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Trump now says he misspoke as he stood side by side with Putin. Also on the Wednesday rundown: a Senate committee looks to weaken the Endangered Species Act; and public input is being sought on Great Lakes restoration.

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Report: School Breakfast Connected to Good Test Scores

PHOTO: Research is being presented today that shows how potential academic gains can be connected to school breakfast programs that serve low-income students in Maryland. Photo courtesy of No Child Hungry Maryland
PHOTO: Research is being presented today that shows how potential academic gains can be connected to school breakfast programs that serve low-income students in Maryland. Photo courtesy of No Child Hungry Maryland
February 27, 2013

ANNAPOLIS, Md. - Mom has said it forever: Breakfast is the most important meal of the day. New research being presented today in Annapolis shows just how right mom was.

The study, a collaboration between Share Our Strength and Deloitte, shows that when school breakfast is served to low-income students, school absences potentially can be reduced by 47,000 a year. In addition, 32,000 students could possibly score higher on standardized math tests, the study says, and more than 8,000 more could graduate from high school each year.

Molly McCloskey, Maryland No Kid Hungry director, said the graduation note is most impressive.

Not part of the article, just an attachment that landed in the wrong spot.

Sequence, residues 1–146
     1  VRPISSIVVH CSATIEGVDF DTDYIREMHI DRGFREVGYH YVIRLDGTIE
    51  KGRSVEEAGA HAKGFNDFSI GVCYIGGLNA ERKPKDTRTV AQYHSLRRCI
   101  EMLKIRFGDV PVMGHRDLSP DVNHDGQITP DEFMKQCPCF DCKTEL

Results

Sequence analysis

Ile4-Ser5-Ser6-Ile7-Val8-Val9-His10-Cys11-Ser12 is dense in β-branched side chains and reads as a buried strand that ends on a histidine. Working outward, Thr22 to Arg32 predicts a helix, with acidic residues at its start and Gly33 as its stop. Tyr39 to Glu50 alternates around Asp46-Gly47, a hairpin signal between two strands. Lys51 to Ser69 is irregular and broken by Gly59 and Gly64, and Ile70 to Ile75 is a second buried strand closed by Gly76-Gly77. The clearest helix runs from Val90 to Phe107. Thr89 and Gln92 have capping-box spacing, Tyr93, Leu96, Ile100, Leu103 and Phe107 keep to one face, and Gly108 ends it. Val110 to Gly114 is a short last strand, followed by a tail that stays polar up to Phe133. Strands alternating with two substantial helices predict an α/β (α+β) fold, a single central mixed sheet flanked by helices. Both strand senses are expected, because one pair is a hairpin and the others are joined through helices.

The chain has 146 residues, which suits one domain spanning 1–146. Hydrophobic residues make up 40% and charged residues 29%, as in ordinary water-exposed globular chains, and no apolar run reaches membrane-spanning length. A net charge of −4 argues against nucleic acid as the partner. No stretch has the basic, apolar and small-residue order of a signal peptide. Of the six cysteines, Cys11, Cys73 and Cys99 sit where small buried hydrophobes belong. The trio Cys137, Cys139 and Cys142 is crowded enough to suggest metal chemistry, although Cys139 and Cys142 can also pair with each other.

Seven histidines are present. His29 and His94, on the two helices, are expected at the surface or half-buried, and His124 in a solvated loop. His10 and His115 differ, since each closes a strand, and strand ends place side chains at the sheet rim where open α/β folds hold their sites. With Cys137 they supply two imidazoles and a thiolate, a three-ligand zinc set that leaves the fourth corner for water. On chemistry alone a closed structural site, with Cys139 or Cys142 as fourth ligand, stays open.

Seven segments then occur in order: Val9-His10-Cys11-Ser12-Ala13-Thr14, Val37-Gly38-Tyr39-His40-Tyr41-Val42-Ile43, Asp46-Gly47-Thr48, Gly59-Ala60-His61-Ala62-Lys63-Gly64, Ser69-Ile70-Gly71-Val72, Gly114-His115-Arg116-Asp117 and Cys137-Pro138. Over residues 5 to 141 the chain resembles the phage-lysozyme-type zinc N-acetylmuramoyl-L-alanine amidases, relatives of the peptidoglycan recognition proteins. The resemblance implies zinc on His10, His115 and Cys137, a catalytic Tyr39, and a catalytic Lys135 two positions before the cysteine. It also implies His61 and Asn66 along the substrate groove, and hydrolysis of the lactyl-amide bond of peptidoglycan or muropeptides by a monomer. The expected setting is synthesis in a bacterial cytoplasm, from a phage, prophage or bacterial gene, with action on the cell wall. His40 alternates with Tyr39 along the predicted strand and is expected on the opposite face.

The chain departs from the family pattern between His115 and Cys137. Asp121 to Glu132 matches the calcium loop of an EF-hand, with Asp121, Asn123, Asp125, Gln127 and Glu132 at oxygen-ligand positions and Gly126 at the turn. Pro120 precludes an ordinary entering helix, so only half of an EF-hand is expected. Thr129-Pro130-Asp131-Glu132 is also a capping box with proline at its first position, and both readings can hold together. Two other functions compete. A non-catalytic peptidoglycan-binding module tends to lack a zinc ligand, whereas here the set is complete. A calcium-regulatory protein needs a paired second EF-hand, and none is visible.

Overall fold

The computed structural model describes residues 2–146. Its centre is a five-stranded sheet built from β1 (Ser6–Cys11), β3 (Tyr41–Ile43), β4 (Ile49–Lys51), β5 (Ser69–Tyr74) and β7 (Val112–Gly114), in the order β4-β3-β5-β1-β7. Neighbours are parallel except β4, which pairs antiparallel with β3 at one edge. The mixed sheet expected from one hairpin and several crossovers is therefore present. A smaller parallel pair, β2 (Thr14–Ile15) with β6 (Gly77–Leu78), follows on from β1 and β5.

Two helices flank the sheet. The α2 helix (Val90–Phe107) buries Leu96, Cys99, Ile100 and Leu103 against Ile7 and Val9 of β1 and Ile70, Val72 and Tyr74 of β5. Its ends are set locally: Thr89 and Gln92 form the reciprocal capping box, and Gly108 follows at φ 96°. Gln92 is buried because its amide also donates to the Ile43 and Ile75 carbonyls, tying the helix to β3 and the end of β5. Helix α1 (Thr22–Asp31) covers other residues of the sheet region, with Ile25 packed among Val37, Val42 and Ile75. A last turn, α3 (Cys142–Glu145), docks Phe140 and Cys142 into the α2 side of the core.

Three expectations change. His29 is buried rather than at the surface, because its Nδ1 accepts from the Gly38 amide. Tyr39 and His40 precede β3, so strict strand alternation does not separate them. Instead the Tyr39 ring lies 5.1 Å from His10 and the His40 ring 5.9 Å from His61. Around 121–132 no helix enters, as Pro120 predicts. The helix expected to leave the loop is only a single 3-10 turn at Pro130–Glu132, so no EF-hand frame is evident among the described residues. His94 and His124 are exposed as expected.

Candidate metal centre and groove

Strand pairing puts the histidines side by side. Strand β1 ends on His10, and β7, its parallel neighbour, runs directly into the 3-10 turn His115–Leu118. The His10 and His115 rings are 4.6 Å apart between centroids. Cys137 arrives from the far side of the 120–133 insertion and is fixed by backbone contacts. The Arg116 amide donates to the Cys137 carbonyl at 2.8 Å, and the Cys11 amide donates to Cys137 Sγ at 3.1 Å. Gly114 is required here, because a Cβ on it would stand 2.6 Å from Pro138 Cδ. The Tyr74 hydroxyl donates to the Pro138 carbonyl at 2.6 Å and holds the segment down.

"That's direct economic benefit," she said, "because high school graduates make more than $10,000 a year more than high school dropouts."

Maryland Meals for Achievement, a breakfast program that serves in-classroom breakfast in high-need schools, also has had a positive impact on academic achievement, according to the study. More than half of students who eat a free or reduced-price lunch are connected to a school breakfast program.

The Deloitte study shows the biggest potential benefits happen when 70 percent of those students are served school breakfast.

Eastport Elementary School principal Lynne Evans said school breakfast has been offered there for 10 years. It's offered to all students so there's no stigma, she said, recommending it for every school.

"Very few behavior issues when kids come in in the morning because they know they're going to be fed," she said. "They're more willing to get started on their day, which turns into more time on task."

Gov. Martin O'Malley has been a vocal supporter of Maryland Meals for Achievement, recommending more funding for the program to connect more schools to breakfast options. He'll be at the event today at Eastport Elementary, 420 Fifth St., Annapolis.

The Deloitte study, "Ending Childhood Hunger: A Social Impact Analysis," is available from Ariane Holm at aholm@strength.org.

Deborah Courson Smith/Deb Courson Smith, Public News Service - MD